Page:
By Losing Genes, Life Often Evolved More Complexity
Recent major surveys show that reductions in genomic complexity — including the loss of key genes — have successfully shaped the evolution of life throughout history.
Inherited Learning? It Happens, but How Is Uncertain
Studies suggest that epigenetics allows some learned adaptive responses to be passed down to new generations. The question is how.
Cell-Bacteria Mergers Offer Clues to How Organelles Evolved
Cells in symbiotic partnership, sometimes nested one within the other and functioning like organelles, can borrow from their host’s genes to complete their own metabolic pathways.
Viruses Can Scatter Their Genes Among Cells and Reassemble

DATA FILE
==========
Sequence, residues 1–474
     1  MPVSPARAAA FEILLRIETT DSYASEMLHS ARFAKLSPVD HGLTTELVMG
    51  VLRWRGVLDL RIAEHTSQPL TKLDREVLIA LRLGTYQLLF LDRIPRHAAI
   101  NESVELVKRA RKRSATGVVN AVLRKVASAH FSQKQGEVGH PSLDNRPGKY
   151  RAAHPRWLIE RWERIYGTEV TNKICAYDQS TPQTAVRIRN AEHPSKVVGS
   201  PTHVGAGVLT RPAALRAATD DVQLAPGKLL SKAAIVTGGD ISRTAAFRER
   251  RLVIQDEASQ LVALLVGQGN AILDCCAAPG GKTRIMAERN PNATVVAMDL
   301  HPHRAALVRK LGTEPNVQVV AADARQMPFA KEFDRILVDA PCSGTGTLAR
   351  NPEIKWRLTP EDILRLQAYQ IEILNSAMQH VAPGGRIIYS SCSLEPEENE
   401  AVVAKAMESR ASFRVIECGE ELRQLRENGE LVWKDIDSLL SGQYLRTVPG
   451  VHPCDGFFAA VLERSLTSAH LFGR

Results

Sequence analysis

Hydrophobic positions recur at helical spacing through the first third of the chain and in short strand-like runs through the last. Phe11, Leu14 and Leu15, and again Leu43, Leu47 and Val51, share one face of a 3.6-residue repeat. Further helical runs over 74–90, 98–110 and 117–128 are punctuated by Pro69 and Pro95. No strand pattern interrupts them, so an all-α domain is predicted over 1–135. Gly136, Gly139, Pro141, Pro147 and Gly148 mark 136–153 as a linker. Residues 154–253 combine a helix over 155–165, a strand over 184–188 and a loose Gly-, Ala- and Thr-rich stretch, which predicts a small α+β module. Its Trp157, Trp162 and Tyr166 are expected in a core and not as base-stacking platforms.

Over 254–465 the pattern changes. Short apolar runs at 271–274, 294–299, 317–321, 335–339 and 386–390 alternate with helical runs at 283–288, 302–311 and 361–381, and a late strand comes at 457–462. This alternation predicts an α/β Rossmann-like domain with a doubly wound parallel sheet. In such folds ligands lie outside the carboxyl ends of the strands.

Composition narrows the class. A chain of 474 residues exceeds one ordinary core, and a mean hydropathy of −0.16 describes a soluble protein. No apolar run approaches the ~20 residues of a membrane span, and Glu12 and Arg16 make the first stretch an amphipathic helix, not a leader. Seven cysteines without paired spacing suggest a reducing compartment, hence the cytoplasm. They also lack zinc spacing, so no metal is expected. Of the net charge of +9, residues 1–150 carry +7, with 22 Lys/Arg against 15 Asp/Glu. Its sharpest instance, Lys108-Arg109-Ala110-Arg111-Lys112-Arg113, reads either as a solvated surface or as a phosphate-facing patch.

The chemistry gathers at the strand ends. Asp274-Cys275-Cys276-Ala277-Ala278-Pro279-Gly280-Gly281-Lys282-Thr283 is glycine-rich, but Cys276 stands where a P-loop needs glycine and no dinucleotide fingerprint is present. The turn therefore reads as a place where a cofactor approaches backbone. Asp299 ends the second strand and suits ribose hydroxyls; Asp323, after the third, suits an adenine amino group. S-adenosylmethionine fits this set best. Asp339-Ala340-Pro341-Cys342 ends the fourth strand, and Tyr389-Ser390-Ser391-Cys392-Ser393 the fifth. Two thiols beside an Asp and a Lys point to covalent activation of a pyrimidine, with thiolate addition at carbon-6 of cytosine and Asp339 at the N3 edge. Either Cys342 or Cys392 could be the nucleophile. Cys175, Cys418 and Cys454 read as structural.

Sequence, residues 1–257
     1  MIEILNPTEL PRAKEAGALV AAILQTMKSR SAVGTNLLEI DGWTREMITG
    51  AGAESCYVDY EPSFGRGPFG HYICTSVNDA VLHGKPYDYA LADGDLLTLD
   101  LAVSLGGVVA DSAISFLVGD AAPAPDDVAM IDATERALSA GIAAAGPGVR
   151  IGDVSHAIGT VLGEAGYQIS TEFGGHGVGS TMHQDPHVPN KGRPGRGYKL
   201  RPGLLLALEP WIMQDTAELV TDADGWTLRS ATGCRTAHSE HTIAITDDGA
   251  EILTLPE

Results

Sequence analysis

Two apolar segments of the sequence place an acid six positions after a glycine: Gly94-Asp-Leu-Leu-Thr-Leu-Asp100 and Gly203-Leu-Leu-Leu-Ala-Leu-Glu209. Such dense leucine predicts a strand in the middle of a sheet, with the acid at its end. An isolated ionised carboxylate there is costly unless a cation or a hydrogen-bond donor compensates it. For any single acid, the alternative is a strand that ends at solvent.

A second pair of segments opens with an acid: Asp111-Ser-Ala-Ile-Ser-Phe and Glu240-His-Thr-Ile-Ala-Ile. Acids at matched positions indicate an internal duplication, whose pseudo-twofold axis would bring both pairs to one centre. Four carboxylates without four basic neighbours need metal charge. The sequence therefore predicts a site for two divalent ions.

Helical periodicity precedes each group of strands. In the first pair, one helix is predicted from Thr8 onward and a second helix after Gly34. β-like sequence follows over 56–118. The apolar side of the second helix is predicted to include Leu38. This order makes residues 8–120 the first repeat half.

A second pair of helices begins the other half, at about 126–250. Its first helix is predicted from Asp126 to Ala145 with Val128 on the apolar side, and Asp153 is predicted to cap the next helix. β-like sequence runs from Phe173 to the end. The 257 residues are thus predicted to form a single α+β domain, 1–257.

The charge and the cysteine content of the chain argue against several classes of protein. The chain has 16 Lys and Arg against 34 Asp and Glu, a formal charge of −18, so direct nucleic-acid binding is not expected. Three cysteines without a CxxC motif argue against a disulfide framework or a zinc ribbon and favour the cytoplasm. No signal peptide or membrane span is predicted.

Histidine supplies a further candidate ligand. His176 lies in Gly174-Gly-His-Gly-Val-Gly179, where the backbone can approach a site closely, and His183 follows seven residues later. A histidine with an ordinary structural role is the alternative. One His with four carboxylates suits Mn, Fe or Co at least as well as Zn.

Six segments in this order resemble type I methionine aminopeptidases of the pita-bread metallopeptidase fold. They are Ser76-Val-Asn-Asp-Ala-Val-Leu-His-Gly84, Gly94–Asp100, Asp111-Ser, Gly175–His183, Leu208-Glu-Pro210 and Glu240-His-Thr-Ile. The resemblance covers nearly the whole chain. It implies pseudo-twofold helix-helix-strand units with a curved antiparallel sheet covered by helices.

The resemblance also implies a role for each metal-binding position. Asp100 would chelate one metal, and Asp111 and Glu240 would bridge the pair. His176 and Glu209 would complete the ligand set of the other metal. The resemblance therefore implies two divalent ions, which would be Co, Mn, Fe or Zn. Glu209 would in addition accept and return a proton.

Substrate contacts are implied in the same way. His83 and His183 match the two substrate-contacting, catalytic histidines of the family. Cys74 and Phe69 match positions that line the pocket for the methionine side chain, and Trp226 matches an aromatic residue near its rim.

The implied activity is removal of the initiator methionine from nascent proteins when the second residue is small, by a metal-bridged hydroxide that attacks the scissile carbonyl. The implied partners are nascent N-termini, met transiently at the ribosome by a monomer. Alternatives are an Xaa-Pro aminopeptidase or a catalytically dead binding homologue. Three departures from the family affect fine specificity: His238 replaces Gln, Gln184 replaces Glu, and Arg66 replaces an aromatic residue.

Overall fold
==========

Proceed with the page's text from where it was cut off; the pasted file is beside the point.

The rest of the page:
Some viruses can replicate without infecting any one cell with all their genes.
Fragile DNA Enables New Adaptations to Evolve Quickly
If highly repetitive gene-regulating sequences in DNA are easily lost, that may explain why some adaptations evolve quickly and repeatedly.
Theorists Debate How ‘Neutral’ Evolution Really Is
For 50 years, evolutionary theory has emphasized the importance of neutral mutations rather than adaptive ones at the level of DNA. Real genomic data challenges that assumption.
Too Small for Big Muscles, Tiny Animals Use Springs
Elastic springs help tiny animals stay fast and strong. New work is finding what size critters must be to benefit from the springs.